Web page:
Election 2010: Stephen Pollard's Analysis


The old joke is that when Mao Tse Tung was asked what had been the consequences of the French Revolution, he replied that it was too soon to tell.

Here we are, on Friday afternoon, and we still have no firm idea of the consequences of the results. All three party leaders have spoken, and the ball seems to be firmly in David Cameron’s court (or perhaps I should say Nick Clegg’s) but, as last night itself showed, nothing in this election is predictable.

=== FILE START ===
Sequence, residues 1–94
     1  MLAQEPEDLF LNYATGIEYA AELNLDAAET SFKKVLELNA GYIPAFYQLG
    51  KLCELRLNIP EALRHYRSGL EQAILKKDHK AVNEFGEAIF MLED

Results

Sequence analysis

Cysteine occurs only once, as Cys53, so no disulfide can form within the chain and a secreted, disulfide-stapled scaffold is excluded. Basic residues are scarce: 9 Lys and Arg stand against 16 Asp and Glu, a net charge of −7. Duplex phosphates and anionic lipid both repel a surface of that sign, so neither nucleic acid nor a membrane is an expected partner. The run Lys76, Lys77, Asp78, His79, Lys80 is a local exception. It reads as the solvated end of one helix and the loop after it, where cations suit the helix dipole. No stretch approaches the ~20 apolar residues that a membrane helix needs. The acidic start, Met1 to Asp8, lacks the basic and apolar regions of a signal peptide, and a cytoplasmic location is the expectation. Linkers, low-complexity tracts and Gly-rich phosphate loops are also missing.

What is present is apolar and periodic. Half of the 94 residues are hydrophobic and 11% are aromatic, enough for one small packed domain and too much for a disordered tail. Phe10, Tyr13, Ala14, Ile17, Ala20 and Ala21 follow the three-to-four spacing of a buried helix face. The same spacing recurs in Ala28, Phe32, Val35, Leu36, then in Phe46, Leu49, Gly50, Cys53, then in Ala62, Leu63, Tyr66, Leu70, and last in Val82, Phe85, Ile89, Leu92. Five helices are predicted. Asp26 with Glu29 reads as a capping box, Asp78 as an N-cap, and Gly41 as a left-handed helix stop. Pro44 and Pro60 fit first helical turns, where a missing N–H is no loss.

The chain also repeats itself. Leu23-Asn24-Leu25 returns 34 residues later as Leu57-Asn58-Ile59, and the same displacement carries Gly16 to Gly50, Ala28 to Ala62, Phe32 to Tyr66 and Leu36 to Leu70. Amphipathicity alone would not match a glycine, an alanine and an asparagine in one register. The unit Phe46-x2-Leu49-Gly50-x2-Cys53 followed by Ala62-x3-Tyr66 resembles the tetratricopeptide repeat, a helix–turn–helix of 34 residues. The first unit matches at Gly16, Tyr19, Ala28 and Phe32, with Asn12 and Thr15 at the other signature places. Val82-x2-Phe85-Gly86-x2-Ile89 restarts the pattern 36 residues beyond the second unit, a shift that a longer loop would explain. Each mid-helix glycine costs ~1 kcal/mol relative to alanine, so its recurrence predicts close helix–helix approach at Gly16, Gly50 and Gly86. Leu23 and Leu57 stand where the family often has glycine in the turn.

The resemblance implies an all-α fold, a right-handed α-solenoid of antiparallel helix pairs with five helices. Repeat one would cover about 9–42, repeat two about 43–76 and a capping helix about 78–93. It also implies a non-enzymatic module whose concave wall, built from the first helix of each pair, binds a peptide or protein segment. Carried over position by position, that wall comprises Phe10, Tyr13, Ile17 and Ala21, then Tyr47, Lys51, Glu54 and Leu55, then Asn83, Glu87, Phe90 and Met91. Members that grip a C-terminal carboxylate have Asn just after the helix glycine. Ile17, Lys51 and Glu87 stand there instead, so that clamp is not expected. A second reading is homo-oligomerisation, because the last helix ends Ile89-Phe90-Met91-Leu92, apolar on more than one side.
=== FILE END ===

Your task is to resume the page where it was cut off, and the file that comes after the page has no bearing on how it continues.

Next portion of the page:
For what it’s worth, I don’t see a fully-fledged coalition on the cards, only an agreement not to vote down core legislation by the LibDems, in return for some promises. What those promises are, of course, and from whom, are the meat of it.

Martin Bright has looked at the Jewish votes. I’ll add only this: I don’t think there will be much of a change in policy towards Israel unless (very unlikely) Nick Clegg becomes Foreign Secretary – in which case things will get very grim.

But under any conceivable Labour leader, or Cameron, there’ll be a basic understanding of Israel’s position. And the fact of a minority government is, in this case alone, neither here nor there.

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